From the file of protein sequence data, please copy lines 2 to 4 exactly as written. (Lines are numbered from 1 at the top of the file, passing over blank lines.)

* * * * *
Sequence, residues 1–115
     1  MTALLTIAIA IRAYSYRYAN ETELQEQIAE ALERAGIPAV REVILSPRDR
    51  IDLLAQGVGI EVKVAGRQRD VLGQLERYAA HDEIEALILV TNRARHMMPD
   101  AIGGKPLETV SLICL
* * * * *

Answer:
     1  MTALLTIAIA IRAYSYRYAN ETELQEQIAE ALERAGIPAV REVILSPRDR
    51  IDLLAQGVGI EVKVAGRQRD VLGQLERYAA HDEIEALILV TNRARHMMPD
   101  AIGGKPLETV SLICL